Welcome to my new blog! Following many years of graduate study in musicology (see my bio if you don't know what musicology is), I am finally embarking on my fieldwork portion of my degree, spending one year in Germany. For all the latest updates on Music, Life, and Travel, read on, friends!

Thursday, December 20

Post-Salzburg Bliss!

After my Salzburg adventure, I have barely slowed down. After getting some good work done on Wednesday (I had my first interview for my dissertation research!), I spent the rest of the week working on getting ready for going to San Diego over the holiday.

Friday I continued my quest for Weihnachtsmarkt greatness! I spent the day with my friend J, from the department store excitement photo here. We first took a quick trip to Siegburg, which is a small town near Bonn. Siegburg is actually fairly significant, as one of Germany's main fast train lines runs through Siegburg on its way to Frankfurt Airport. I haven’t taken a train from Siegburg before, but lots of train searches suggest that I do so. Siegburg has a medieval Christmas market. What is a medieval Christmas market, you may be asking? Well, they aren’t that uncommon in Germany. Apparently Bremen has one, as well as other cities. In Siegburg, visitors are treated to a medieval atmosphere: some of the vendors use an antiquated version of German, vendors only use candles to light their booths, ancient delicacies, like “Met,” or mead, are offered to visitors, and most of the wares are hand-made. I was very tempted to buy this guy:

Dragon wind chime. This is something that no one needs, but it was really cool!
J and I got mead and walked around, checking out the guys in jester costumes and watching some of the craftsman build their products on site.
Kids were also trying their hand at wood carving. The carousal in the background was also hand-powered! 

Here is a good example of the candlelight and lamplight at the Medieval market.
Mead, or "Met," is an alcoholic drink made of honey. I found it to be very sweet, but I should have expected it! All of the mugs in Siegburg were made of clay - very cool, and authentic, I guess!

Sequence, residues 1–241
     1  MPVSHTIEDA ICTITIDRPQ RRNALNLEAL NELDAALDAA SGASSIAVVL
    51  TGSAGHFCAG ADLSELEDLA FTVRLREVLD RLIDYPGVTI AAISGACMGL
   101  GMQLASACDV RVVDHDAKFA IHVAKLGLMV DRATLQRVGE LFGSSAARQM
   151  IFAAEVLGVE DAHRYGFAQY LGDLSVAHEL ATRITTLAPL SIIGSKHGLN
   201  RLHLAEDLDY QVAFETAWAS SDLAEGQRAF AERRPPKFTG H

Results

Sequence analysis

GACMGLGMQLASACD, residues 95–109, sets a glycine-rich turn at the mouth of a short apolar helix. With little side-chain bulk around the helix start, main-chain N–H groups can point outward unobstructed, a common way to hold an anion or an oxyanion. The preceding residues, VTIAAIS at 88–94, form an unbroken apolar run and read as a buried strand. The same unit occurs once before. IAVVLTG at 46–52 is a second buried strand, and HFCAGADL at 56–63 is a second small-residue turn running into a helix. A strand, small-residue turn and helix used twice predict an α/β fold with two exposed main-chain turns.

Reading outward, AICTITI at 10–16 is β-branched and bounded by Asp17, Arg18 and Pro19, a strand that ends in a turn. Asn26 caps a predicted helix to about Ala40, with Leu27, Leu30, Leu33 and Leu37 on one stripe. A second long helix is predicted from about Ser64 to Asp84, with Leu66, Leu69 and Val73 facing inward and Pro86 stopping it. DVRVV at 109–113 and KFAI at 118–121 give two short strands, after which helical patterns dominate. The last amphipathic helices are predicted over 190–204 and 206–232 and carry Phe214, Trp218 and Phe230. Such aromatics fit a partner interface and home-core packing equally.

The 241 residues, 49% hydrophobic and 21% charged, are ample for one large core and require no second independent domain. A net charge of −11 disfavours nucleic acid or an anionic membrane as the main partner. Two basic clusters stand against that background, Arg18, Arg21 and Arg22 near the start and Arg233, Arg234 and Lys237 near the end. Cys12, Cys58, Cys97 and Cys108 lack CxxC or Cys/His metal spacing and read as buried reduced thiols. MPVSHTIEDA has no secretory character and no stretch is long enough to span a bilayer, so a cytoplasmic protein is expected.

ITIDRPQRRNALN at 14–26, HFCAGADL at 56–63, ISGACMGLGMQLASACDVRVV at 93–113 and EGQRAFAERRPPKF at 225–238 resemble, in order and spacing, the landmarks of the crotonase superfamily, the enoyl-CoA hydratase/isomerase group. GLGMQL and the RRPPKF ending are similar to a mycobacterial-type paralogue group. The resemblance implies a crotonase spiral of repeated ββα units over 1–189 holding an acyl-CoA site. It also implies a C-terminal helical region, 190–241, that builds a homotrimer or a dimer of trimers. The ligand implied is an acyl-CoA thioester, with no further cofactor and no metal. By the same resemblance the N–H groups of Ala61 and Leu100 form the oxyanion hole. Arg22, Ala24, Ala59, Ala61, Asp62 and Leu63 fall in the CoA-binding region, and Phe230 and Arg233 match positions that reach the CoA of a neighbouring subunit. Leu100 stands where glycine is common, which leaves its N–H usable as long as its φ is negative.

In case you needed some pottery, this place had you covered!

We then left Siegburg for Aachen, a city on the Belgian-Dutch-German border. I have wanted to go to Aachen for awhile, as I had heard the city center is quite beautiful. I also heard good things about the Christmas market, so we checked it out for a couple of hours. Some of the highlights were visiting the cathedral, finding a boot-shaped Gluehwein mug, and eating Flammkuchen.
Here is a shot of the market from the Rathaus. It was very pretty at night.
The Christmas market is located around Aachen’s cathedral and city hall (Rathaus). Aachen is surprisingly hilly, and the Rathaus is up the hill from the cathedral. Aachen was a significant part of the Holy Roman Empire, and Charlemagne (Karl der Grosse) hung out there for a bit. The cathedral’s octagonal structure was first built in the 8th(!!!) century. The mosaic tiles are so beautiful. It reminds me of Ottoman architecture and style, thanks to the inclusion of lots of blues and abstract images (vines, flowers, and shapes), as opposed to portraits (although this church has those too!). I need to go back during the day, and it was difficult to take photos, and the sanctuary portion of the church was very difficult to see in the dark lighting.

Here is a good example of the blue mosaic tiles and the different shapes on the ceiling.

Mother Mary

Yet another example of the beautiful tile work!
I knew the Christmas market was a real winner when I saw that they had boot-shaped mugs! I am not one to collect things, as I still maintain a semi-nomadic lifestyle as a graduate student and I don’t have the muscles or the space to transport and store objects. I do, however, have room for another boot-shaped mug a la the mugs from Chicago’s market. B and I have three different mugs from Chicago, and I finally have chosen a German mug to take home with me to add to the Gluehwein mug collection. I got another Eierpunsch at this market, this time with whipped cream and no cinnamon. I still compare the experience to drinking cake batter – sweet, and semi-thick, but hot! I also got Flammkuchen, which is a thin, pizza-like food with a cream sauce and toppings, like onions, bacon, and green onions. It was soooooo good! It certainly was a nice change from the greasy items, like Reibekuchen, that I still love, but probably don’t need to eat any more of this year. J got a fried fish filet, which she said was also great!

Here is my Flammkuchen. It was very tasty!
Finally, the long-awaited boot-shaped mug! I liked the color too!
Aachen is also known for Printen – a gingerbread-like cookie specific to this region. I bought a couple bags, tried a couple of types, and I really liked them! Some are hard, some are soft, some are covered in chocolate or sugar, others are plain. Aachen also has a confectionery that makes “Dominosteine,” which are chocolate-covered cubes of gingerbread, apricot, and a bit of marzipan. So wonderful!

Giant inflatable Printen man! I don't think I would try to eat this one!

Enjoy your last days before Christmas!

1 comment:

  1. I was in Aachen between a conference and some research. I got to see the cathedral, which is quite beautiful. However, I mis-timed my visit to the crown jewels, so they had closed. All the other touristy stuff was closed too (it was a Monday), so I spent a looong time in the train station waiting to get back to Dortmund (like 4-5 hours). Plus, the postcards I had bought as souvenirs got crumbled beyond use in my bag, so I don't have very good memories of Aachen. :-/